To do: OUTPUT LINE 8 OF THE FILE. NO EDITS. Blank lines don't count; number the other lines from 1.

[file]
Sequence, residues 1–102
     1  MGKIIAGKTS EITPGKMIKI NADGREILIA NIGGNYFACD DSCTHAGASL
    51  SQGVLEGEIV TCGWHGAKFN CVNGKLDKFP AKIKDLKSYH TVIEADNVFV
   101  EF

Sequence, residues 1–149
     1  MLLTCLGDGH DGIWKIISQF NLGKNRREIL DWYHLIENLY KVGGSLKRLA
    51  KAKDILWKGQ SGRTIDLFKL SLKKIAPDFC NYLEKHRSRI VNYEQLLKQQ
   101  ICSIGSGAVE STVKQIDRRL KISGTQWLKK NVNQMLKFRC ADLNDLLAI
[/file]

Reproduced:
   101  ICSIGSGAVE STVKQIDRRL KISGTQWLKK NVNQMLKFRC ADLNDLLAI